JOHN SHEEHAN is a leading Australian property theorist and expert on compensation assessment arising from compulsory acquisition of native title in Australia. He is deputy director of the Asia Pacific Centre for Complex Real Property Rights, and adjunct professor at the University of Technology, Sydney. He is a former acting commissioner with the Land and Environment Court of New South Wales, and previously a member of the Aboriginal and Torres Strait Islander Land Tribunal of Queensland. He is also a life fellow of the Australian Property Institute. In November 2010, Sheehan was one of the invited members of the expert meeting "Land Tenure Issues and Requirements for Implementing Climate Change Mitigation Policies in the Forestry and Agriculture Sectors" convened in Rome by the Food and Agriculture Organization of the United Nations. The report of the meeting, which focused on traditional and customary tenures, was submitted to in-form the subsequent Cancun Conference.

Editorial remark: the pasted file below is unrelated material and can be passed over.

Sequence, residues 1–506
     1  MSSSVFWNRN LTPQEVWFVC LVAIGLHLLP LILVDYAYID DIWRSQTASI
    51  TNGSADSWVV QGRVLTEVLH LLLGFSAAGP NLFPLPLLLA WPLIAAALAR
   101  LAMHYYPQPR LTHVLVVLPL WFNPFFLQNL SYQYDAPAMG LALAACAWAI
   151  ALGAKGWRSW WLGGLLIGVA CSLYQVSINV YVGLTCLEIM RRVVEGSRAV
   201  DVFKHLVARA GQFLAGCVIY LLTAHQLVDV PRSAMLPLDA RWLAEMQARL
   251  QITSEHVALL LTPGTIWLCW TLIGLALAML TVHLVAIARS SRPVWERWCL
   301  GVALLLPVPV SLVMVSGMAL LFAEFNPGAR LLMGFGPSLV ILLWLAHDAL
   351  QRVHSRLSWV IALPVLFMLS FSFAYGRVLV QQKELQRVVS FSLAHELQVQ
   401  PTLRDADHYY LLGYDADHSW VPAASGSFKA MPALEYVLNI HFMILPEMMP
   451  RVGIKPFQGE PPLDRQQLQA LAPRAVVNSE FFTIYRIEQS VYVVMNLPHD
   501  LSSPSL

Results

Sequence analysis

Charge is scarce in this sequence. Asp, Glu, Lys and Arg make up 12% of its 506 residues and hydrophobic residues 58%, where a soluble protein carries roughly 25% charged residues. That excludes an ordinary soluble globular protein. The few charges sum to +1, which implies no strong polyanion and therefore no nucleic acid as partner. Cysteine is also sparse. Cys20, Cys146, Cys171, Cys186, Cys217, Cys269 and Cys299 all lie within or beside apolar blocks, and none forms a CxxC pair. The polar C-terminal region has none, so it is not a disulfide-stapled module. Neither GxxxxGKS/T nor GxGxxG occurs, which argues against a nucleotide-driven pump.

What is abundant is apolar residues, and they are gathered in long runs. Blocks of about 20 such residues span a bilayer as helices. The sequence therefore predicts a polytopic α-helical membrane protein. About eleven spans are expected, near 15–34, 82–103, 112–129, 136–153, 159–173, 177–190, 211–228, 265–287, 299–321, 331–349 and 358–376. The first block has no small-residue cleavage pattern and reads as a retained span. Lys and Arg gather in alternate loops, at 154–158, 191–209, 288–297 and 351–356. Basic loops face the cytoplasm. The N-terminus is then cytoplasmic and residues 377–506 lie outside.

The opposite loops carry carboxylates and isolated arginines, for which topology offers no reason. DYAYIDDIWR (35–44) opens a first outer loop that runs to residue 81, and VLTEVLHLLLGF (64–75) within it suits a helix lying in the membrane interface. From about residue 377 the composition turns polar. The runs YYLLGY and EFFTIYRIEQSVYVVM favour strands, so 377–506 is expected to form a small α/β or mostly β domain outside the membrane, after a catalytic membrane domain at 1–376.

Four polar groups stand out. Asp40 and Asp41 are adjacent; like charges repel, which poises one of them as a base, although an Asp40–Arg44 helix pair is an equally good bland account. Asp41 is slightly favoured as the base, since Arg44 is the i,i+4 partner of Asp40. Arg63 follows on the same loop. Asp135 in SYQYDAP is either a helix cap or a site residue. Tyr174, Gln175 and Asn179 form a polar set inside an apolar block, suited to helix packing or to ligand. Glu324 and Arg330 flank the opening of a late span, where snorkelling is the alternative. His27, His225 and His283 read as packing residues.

AHMAD AMARA is a PhD candidate in history and Hebrew and Judaic studies at New York University. Before pursuing his PhD degree, Amara served for three years as a clinical instructor and global advocacy fellow with Harvard Law School's Human Rights Program. His work at Harvard focused on social, cultural, and economic rights in the Middle East and on the Law of Occupation, and he has published a number of reports and articles in this area. Amara holds an LLB and LLM from Tel-Aviv University, where he also served as a teaching assistant and a coordinator of the Street Law Clinic Program at the Faculty of Law. He is a member of the Israeli Bar. In 2005, he completed a second master's degree in international human rights law at Essex University in the United Kingdom. In 2005, he co-founded a human rights organization, Karama (Arabic for "dignity"), in Nazareth, where he served as a senior staff attorney. Amara's current research focuses on the legal history of property law in Palestine, including Ottoman, British, and Israeli legislation.